Changing Lives: Cortland man speaks about safe driving and son's - WFMJ.com News weather sports for Youngstown-Warren Ohio

Changing Lives: Cortland man speaks about safe driving and son's death

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WARREN, Ohio -

"One of the things Timothy liked to do was drive fast and that's one of the things we talked to him about when he did get his drivers license," said Bill Hess, remembering his son's eagerness to get behind the wheel.

Pushing the pedal to the metal was a constant discussion in the Hess household as their teen son Timothy learned how to drive.

But in 2011 after year of groundings, and discussions about driving safely, Bill Hess woke up to every parent's nightmare when a state highway patrol trooper knocked on his front door in the middle of the night.

"He said I'm sorry to tell you that your son Timothy was in a car accident and he didn't make it. It is the most horrible thing a parent could ever hear," said Hess.

His son, 19-year-old Timothy Hess had been drinking at a party the night before, and crashed into a tree on his drive home.

"He made the wrong choice, he decided to drink," said Hess, "His car missed the curve and actually went airborne hit the tree and pretty much cut it in half."

Timothy had just wrapped up his first year at YSU, where he was studying to be a teacher.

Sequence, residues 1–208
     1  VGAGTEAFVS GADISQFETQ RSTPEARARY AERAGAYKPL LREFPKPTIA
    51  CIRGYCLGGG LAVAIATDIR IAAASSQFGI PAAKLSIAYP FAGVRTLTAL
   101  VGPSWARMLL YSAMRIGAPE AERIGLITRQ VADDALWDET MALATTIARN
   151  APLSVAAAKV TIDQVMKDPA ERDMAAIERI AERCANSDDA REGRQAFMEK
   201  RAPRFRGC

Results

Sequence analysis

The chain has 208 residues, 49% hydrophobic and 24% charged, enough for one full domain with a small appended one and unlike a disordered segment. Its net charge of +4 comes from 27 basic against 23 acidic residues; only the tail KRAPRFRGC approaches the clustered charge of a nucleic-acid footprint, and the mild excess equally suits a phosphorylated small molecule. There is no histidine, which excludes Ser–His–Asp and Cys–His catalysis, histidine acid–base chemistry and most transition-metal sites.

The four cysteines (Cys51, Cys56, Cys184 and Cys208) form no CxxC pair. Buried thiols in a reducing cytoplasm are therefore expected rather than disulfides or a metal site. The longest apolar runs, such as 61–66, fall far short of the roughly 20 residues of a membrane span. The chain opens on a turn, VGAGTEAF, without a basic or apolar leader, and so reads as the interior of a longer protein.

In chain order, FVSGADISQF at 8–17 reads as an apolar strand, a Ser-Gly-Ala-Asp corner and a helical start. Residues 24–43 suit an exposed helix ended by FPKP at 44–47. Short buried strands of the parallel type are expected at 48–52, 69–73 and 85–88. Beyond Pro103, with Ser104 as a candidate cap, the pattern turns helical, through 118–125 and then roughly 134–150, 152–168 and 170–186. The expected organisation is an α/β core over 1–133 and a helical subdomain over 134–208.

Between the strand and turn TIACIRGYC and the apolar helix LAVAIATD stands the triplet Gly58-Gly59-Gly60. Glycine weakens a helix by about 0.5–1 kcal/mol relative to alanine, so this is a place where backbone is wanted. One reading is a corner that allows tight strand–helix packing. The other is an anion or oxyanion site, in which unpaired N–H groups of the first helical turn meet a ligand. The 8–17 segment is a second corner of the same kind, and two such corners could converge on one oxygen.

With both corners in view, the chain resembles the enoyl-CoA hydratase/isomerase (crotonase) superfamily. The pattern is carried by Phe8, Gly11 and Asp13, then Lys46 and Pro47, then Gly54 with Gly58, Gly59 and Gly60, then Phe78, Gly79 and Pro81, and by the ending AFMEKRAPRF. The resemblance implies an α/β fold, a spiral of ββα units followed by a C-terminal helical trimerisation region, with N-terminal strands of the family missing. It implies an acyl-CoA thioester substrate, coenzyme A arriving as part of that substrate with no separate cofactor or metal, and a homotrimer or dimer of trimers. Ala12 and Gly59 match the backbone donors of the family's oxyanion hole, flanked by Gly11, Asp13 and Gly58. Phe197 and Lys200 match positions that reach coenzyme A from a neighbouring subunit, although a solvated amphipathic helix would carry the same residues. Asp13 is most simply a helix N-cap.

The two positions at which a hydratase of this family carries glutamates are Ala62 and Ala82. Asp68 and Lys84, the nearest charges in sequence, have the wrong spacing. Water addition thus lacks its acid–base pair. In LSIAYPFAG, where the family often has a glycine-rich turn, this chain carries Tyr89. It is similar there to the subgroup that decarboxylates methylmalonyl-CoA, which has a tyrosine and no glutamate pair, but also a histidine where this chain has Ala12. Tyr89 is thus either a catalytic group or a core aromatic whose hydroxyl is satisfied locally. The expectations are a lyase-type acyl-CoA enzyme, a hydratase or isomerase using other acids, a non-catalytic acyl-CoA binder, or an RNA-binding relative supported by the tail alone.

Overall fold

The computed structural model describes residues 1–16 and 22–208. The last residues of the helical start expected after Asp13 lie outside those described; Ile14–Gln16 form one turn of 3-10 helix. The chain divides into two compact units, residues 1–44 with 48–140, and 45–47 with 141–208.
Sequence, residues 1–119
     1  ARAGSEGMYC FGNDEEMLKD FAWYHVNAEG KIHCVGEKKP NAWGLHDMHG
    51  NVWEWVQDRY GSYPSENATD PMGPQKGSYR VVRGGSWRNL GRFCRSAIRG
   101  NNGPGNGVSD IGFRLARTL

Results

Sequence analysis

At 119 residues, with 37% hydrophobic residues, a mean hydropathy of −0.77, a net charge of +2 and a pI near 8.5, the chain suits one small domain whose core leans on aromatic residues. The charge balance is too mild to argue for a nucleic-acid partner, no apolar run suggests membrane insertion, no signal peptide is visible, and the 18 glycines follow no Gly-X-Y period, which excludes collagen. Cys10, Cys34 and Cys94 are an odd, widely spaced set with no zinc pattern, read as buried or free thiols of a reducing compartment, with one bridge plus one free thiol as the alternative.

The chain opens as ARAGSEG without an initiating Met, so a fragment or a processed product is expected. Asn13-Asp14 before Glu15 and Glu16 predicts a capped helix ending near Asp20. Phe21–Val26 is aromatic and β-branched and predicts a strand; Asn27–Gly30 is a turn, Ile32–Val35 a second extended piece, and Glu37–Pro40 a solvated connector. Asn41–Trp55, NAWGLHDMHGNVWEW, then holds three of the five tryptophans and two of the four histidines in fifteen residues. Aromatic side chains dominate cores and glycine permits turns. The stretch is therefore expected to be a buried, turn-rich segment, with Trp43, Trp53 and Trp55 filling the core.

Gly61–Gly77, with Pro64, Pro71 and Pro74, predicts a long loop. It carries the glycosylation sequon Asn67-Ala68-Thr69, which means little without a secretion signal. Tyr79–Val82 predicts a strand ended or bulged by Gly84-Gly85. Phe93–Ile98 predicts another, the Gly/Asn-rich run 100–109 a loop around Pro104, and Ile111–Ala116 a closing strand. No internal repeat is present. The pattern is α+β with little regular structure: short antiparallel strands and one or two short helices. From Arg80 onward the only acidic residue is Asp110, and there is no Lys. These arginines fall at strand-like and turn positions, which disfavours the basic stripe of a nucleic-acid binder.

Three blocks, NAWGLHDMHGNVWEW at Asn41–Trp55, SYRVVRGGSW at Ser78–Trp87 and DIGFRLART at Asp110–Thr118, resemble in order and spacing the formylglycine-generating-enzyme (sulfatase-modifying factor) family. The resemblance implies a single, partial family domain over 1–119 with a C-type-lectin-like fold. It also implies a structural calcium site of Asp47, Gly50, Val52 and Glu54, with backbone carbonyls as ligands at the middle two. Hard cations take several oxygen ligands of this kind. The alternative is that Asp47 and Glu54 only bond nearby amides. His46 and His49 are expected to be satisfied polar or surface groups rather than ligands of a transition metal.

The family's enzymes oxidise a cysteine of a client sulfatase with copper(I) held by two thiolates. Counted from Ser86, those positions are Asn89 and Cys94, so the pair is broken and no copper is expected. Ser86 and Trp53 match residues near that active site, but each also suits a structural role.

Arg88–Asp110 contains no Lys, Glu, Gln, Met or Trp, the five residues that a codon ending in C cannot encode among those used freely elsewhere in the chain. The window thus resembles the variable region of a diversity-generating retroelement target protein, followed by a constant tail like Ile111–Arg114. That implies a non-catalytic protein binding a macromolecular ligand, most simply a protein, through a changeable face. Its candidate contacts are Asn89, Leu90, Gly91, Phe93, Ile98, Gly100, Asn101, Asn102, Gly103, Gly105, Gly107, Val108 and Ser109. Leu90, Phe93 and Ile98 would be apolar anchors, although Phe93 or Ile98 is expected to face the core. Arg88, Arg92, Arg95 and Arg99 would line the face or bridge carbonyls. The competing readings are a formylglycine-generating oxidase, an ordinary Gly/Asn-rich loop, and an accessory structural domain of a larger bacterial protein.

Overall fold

And while the story of his death is a tough tale for his father to tell the Ohio State Highway Patrol is honoring Hess for doing just that time and time again.

"It's important to note that he's been compensated for nothing to do this, he does it all on his own," said Lt. Brian Holt while presenting Hess with the Ohio State Highway Patrol's certificate of recognition.

"Oh there's compensation other than money," responded Hess,"I can see the looks and the feelings when I do the presentation."

For the past five years, Hess has spoken to more than 1000 teens and parents in the Carteens/Drive to survive program which teaches about the dangers of impaired and distracted driving.

"His message is very powerful. It's personal. You can see in the eyes of the audience you can see in the critiques. His message has made an impact," said OSP Warren Post Commander Lt. Brian Holt.

So far for 2016 there have been seven deadly crashes in Trumbull County. Hess says he hopes sharing his story will help prevent any more.

"Really if they're driving safely and can avoid this happening it's good for me," said Hess.

And whether it's a a speeding ticket or a traffic violation, Hess says every reminder, every ticket brings an important lesson. It's never just a drive, it's your life.

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